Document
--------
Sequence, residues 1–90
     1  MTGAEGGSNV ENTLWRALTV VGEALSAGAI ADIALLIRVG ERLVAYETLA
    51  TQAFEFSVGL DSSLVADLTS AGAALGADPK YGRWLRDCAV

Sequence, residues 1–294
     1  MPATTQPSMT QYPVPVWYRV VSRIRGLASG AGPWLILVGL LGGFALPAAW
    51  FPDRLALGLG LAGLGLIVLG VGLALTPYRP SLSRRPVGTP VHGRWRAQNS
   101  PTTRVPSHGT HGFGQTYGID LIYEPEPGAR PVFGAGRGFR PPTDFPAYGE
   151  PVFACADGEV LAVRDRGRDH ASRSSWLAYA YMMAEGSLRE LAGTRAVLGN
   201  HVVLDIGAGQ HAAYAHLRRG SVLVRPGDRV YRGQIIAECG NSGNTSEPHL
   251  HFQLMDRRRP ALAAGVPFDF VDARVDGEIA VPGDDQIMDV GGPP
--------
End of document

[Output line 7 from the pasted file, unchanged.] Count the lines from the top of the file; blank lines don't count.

   101  PTTRVPSHGT HGFGQTYGID LIYEPEPGAR PVFGAGRGFR PPTDFPAYGE